A narrow visit? Maybe. But God can work with narrow. On or off the well-worn tourist path, no one leaves this place untouched.
Over three million people visit Israel every year. They pour enough money into the economy to make tourism one of the country’s top sources of income. Most pilgrims join tours specifically tailored to their particular worldview. Bus routes crisscross; careful bubbles of contained culture passing each other on the road. Jewish tours enjoy the modern mayhem of the beach cities. They visit Masada, the Western Wall, and Yad Vashem—Jerusalem’s Holocaust Center with its museum and memorial. Catholics track the shrine-topped sites deemed historical by Constantine’s mother on her pilgrimage to retrace the steps of Christ. Protestants and evangelicals ride tour boats on the Sea of Galilee and sing songs at the Garden Tomb. Each group clinging to its perspective tour guide’s flag like an umbilical.

A narrow visit? Maybe. But God can work with narrow. On or off the well-worn tourist path, no one leaves this place untouched.

Beautiful Ruins

A barbed wire fence with a yellow ‘Danger, Mines!’ runs tracks along the road. An Arab boy watches over his father’s sheep and waves at the passing motorists…  

Near the Syrian border, a spring feeding the headwaters of the Jordan River wells up from the ground.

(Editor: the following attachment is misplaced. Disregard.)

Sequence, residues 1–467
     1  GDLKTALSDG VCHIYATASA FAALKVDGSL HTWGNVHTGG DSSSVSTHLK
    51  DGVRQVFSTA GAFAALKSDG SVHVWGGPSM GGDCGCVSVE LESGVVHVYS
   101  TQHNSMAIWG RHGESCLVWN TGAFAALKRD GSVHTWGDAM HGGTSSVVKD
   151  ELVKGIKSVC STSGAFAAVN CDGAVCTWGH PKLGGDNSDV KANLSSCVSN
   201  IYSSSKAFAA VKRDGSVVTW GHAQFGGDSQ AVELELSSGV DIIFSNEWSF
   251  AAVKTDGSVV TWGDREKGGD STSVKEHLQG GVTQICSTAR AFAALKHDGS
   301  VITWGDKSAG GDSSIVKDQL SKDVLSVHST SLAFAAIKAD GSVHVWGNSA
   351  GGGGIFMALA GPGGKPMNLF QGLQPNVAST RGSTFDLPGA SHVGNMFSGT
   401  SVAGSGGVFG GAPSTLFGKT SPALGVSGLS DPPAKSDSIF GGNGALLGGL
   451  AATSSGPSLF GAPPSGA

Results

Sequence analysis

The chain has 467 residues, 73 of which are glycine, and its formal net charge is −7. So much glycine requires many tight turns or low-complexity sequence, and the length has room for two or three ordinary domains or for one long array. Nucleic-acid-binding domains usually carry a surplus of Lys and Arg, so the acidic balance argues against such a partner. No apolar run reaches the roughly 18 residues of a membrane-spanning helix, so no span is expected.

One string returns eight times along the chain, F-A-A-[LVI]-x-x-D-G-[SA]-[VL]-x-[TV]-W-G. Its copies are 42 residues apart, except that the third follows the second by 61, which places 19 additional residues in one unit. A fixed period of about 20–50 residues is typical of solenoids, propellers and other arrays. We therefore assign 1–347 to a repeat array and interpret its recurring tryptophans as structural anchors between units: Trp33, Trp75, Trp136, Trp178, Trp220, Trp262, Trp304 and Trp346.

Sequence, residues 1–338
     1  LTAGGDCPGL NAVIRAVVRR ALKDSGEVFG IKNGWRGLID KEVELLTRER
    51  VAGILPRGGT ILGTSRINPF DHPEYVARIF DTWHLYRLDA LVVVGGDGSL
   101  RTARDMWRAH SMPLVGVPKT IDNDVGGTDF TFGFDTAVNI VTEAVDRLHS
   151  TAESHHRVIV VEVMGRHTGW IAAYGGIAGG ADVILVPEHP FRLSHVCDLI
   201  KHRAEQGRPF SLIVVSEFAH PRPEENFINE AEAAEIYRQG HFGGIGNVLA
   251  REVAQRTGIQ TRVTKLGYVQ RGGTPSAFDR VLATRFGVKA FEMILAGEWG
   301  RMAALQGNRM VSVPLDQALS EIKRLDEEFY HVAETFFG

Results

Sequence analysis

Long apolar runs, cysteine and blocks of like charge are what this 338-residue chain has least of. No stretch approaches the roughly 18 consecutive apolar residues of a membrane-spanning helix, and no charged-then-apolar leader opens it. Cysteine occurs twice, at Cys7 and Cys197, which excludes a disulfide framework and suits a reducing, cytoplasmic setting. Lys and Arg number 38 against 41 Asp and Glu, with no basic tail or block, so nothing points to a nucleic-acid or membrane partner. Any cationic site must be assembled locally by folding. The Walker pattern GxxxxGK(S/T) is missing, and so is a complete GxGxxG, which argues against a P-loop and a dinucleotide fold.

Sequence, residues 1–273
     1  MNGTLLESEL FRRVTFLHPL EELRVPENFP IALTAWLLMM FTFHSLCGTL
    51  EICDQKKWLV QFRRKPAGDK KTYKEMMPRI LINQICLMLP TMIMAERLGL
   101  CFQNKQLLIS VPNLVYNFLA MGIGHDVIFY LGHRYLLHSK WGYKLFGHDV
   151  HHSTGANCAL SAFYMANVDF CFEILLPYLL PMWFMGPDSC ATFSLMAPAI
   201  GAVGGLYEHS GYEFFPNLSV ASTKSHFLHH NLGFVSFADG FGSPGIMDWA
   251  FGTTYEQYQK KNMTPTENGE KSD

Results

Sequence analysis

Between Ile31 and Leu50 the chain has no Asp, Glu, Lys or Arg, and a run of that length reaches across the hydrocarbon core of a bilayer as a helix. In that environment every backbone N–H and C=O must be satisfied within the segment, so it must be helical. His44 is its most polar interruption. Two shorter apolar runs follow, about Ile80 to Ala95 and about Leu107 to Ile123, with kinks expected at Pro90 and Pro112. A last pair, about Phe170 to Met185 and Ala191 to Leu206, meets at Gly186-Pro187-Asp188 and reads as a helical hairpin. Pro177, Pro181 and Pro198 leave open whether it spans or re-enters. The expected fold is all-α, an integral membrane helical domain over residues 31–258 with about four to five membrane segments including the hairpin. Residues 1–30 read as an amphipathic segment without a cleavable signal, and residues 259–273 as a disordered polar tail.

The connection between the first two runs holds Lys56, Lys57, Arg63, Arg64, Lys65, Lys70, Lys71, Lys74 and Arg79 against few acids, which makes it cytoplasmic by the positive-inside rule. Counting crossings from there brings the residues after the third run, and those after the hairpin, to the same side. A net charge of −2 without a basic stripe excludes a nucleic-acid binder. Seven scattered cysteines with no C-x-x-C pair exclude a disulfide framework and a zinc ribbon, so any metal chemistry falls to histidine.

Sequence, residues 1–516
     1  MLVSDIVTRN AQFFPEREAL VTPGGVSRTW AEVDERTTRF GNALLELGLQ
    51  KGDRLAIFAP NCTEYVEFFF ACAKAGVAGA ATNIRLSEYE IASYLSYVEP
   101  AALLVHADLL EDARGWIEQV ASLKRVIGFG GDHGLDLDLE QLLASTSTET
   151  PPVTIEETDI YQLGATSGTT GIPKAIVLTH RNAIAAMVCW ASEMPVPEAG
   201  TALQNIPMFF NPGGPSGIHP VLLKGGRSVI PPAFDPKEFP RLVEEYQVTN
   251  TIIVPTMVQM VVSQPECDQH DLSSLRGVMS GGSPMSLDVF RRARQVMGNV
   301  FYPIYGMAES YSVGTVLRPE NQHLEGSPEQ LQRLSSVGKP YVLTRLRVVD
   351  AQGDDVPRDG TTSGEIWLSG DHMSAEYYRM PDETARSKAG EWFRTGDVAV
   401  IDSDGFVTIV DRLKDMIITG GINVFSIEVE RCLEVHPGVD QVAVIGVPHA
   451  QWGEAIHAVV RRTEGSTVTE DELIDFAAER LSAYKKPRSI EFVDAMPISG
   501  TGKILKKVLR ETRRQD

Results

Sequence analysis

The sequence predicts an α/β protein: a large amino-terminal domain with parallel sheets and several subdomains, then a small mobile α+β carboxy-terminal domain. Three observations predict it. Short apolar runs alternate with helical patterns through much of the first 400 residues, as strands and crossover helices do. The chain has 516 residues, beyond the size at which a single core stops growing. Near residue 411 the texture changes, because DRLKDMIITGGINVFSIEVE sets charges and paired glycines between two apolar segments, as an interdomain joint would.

Caesarea Philippi—a beautiful ruin.

In Jesus’s day a massive temple extended from a cliff face here. Early worshippers called the temple the Gates of Hell, believing it was a passage to the underworld. It was to this oasis of misplaced piety that Jesus brought His disciples and asked them a question. “Who do men say that I am?”

They hemmed and hawed, offered various answers. But then Jesus cut straight to the heart. “Boys, who do you say that I am?”

Peter stepped up. “You are the Christ, the Son of the living God.”

“Blessed are you, Peter… On this rock I will build My church and the Gates of Hell shall not prevail against it.” 

The church Jesus is actively building in the hearts and lives of His followers is a beautiful and eternal thing. It will stand because He is faithful even when we’re faithless. Loving even when we’re unlovely.

What a thought! The Gates of Hell—a picture of every false god and worldly system—crumbles against God’s crashing waves of grace.


A riot of stars swirls above the Negev. An American tourist grumbles because she can’t get cheese on her Big Mac. An IDF soldier stuffs a tiny paper prayer between the stones of the Western Wall…Israel.   

Ancient and modern. Glorious and broken. Filled to the brim with beautiful ruins. 

Some are piles of stone. But most are flesh and blood. And should you ever choose to walk those ancient paths yourself, you will count yourself among that number. It’s like Moshe, a shop owner in the Jewish Quarter will tell you, “If you’re here, you were invited by God.” 

But if you do go, take some time to step off the bus and listen closely.

Because this is Israel.

Where the soft winds of Lebanon rattle through olive trees, ripple the dry grass, and whisper, "Who do you say that I am?"